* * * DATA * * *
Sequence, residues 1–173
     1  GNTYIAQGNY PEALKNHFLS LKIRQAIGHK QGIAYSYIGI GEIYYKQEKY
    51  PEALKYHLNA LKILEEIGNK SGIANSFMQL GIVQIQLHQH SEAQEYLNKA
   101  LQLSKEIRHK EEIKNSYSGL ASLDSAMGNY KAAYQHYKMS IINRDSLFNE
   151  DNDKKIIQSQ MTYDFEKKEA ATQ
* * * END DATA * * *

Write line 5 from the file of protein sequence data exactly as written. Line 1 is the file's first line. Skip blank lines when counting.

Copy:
   151  DNDKKIIQSQ MTYDFEKKEA ATQ